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I'm a n00b tying to get my head around the operator syntax. I understand it's called the object operator and I can see how it's used (where we use object operator "->" in php) by itself.

I'm trying to learn what the purpose is when they are strung together like in this snippet (e.g. "switch($this->request->param('id')):

here's a snippet of code from a site using Kohana:

public function action_list()
{
    $connections = ORM::factory('Connection')
        ->with('property')
        ->with('inviter');
    switch ($this->request->param('id')) {
    // more code...
        }
    }
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2 Answers 2

up vote 4 down vote accepted

It's called "method chaining". It allows you to apply more then one method, and thus do more then one thing, in one call. It's sort of the OOP equivalent of nesting functions.

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Thanks! So, in my simple world, are you saying it's a way of calling more than one method on the same argument? I guess the are completed one at a time, in order? Do the methods have to be related to each other in some way? I guess I have lots of questions. is there a good resource on this? –  dwstein Mar 3 '13 at 17:46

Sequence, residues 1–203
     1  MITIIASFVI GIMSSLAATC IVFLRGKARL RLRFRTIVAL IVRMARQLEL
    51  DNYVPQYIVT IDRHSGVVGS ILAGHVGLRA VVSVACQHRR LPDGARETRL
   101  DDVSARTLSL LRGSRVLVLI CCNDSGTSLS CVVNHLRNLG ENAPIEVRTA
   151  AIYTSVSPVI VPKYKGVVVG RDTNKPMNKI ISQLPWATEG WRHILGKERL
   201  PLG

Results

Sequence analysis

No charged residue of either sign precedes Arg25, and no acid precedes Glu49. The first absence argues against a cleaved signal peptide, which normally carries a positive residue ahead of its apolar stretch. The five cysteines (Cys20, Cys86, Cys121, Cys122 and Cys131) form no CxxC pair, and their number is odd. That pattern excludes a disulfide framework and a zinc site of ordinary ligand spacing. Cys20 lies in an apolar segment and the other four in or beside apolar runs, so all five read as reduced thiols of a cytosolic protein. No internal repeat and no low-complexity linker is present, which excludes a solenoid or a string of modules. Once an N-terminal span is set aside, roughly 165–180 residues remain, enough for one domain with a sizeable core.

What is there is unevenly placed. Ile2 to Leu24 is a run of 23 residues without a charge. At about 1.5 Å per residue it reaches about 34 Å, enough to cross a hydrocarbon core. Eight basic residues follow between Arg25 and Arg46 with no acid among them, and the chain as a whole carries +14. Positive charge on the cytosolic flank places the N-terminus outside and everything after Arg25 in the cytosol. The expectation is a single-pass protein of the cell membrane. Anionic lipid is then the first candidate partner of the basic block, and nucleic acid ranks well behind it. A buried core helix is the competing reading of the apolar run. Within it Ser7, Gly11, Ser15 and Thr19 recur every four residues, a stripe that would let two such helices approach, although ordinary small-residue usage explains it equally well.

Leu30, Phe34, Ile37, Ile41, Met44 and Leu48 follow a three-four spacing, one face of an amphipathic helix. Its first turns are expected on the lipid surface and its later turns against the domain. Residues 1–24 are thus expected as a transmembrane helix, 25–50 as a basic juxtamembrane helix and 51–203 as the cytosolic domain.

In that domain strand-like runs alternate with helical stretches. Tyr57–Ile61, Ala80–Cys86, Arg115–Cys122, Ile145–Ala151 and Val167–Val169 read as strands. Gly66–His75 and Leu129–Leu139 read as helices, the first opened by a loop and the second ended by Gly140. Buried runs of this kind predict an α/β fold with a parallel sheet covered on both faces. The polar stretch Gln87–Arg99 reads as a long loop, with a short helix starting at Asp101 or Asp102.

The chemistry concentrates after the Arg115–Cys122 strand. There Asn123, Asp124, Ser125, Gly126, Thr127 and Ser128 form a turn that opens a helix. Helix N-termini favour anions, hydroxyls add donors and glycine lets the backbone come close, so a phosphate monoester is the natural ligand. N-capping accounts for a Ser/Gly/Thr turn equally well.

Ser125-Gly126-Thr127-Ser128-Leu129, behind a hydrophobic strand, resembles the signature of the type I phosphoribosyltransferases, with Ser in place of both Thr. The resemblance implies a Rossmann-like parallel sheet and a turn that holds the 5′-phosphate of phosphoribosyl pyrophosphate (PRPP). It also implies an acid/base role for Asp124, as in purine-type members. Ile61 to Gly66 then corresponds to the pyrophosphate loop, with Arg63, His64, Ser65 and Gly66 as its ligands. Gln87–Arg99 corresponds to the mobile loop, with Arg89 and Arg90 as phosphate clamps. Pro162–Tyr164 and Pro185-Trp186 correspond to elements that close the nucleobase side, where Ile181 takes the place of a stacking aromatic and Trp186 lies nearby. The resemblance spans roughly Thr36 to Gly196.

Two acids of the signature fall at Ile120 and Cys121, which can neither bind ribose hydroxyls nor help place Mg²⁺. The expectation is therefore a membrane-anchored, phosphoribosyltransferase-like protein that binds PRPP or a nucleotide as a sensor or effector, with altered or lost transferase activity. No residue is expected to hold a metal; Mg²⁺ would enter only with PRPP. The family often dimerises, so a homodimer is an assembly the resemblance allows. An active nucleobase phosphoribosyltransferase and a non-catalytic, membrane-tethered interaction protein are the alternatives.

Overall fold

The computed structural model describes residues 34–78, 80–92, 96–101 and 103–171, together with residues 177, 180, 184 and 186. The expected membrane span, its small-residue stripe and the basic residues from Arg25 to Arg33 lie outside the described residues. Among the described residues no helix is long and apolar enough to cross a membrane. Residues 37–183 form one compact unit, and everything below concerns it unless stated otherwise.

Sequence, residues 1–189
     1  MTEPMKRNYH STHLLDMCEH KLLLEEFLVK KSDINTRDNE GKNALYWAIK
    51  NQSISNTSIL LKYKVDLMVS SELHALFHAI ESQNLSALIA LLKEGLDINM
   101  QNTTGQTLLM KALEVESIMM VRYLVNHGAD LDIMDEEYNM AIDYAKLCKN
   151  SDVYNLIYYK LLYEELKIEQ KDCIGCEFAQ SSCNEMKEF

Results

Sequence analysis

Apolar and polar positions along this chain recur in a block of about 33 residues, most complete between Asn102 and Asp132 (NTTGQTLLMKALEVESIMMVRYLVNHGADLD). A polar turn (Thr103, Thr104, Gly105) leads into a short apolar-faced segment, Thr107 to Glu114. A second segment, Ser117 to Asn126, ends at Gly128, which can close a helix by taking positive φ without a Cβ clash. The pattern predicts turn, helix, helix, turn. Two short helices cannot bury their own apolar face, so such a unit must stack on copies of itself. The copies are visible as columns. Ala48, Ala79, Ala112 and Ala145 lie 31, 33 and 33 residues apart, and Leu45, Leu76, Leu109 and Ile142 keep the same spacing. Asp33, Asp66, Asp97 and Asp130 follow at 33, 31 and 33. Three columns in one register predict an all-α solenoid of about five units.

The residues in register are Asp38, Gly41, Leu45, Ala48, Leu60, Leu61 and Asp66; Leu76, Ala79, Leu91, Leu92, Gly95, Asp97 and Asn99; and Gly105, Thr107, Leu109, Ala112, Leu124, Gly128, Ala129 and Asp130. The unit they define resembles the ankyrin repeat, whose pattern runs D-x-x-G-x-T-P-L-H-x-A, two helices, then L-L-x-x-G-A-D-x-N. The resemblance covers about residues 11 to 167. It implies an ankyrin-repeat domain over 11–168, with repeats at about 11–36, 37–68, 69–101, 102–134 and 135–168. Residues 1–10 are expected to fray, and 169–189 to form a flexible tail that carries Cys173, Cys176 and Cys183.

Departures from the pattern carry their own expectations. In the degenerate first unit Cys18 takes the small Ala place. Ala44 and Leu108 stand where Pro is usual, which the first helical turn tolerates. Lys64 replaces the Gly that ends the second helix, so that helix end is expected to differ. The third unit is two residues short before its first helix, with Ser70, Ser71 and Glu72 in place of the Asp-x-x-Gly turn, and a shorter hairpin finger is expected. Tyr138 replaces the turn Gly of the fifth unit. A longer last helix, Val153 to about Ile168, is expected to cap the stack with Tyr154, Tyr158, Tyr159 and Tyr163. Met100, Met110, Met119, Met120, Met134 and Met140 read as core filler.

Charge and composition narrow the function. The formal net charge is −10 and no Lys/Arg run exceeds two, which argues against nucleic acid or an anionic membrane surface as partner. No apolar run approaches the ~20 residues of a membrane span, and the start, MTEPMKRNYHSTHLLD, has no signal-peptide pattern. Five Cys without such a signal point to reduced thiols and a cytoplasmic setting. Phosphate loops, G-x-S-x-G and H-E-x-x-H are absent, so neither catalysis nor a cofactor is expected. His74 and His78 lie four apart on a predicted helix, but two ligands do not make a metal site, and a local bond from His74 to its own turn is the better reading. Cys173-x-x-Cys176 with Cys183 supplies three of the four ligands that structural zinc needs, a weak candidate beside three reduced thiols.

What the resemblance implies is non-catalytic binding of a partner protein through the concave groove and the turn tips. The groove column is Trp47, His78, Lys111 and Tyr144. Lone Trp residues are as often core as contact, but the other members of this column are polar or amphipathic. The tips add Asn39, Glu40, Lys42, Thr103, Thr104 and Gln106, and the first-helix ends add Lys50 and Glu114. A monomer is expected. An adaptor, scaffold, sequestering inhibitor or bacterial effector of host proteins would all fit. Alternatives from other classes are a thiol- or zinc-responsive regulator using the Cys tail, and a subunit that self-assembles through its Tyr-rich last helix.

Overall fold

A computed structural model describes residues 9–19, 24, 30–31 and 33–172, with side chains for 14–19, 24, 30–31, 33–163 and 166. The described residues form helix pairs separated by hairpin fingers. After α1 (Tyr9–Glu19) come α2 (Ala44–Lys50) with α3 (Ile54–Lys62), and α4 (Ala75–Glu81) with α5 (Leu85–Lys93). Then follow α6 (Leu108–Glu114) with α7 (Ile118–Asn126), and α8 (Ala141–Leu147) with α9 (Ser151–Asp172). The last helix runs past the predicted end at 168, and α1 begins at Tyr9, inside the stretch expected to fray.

It allows you to be very flexible in how you construct, well, lots of things including objects, queries, etc. Typically the methods are related (they're all related to constructing a query, filtering, etc). But technically they don't have to be related. You'll find lots of tutorials on how to chain methods but few explaining why. But if you use a framework that takes advantage of it, it won't take you long to figure out when and why it's handy. –  John Conde Mar 3 '13 at 17:49
    
Many, many thanks! Very helpful! –  dwstein Mar 3 '13 at 17:50
    
The method returns the object it belongs to, so you can just call another one on top of it. –  DanMan Mar 3 '13 at 17:51
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It's often referred to as chaining. When a method returns an object, you can call another method on that returned object. Consider something like this:

class A {
    public $numbers = 0;
    public function addNumber($num) {
        $this->numbers += $num;
        return $this;
    }

}

$a = new A();
$a->addNumber(1)->addNumber(2);

addNumber is returning an instance of itself, so you can call addNumber repeatedly.

It's often the case that a method will return an instance of another object, but the same principles apply.

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